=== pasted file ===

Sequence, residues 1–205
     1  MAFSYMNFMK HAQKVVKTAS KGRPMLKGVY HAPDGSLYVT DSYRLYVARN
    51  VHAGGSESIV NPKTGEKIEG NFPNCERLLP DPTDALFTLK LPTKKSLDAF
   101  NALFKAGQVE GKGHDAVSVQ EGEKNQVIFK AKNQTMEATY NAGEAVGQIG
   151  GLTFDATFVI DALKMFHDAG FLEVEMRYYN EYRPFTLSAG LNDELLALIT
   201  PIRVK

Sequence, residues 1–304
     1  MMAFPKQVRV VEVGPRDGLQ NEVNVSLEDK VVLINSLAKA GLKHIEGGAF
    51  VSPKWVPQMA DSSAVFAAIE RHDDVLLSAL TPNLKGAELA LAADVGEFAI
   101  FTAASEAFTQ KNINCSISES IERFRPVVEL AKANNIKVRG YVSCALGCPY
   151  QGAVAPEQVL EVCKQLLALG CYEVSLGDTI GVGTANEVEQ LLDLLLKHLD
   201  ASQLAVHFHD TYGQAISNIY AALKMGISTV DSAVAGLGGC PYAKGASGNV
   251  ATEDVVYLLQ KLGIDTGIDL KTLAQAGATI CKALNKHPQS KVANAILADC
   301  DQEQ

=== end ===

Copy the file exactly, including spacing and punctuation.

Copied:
Sequence, residues 1–205
     1  MAFSYMNFMK HAQKVVKTAS KGRPMLKGVY HAPDGSLYVT DSYRLYVARN
    51  VHAGGSESIV NPKTGEKIEG NFPNCERLLP DPTDALFTLK LPTKKSLDAF
   101  NALFKAGQVE GKGHDAVSVQ EGEKNQVIFK AKNQTMEATY NAGEAVGQIG
   151  GLTFDATFVI DALKMFHDAG FLEVEMRYYN EYRPFTLSAG LNDELLALIT
   201  PIRVK

Sequence, residues 1–304
     1  MMAFPKQVRV VEVGPRDGLQ NEVNVSLEDK VVLINSLAKA GLKHIEGGAF
    51  VSPKWVPQMA DSSAVFAAIE RHDDVLLSAL TPNLKGAELA LAADVGEFAI
   101  FTAASEAFTQ KNINCSISES IERFRPVVEL AKANNIKVRG YVSCALGCPY
   151  QGAVAPEQVL EVCKQLLALG CYEVSLGDTI GVGTANEVEQ LLDLLLKHLD
   201  ASQLAVHFHD TYGQAISNIY AALKMGISTV DSAVAGLGGC PYAKGASGNV
   251  ATEDVVYLLQ KLGIDTGIDL KTLAQAGATI CKALNKHPQS KVANAILADC
   301  DQEQ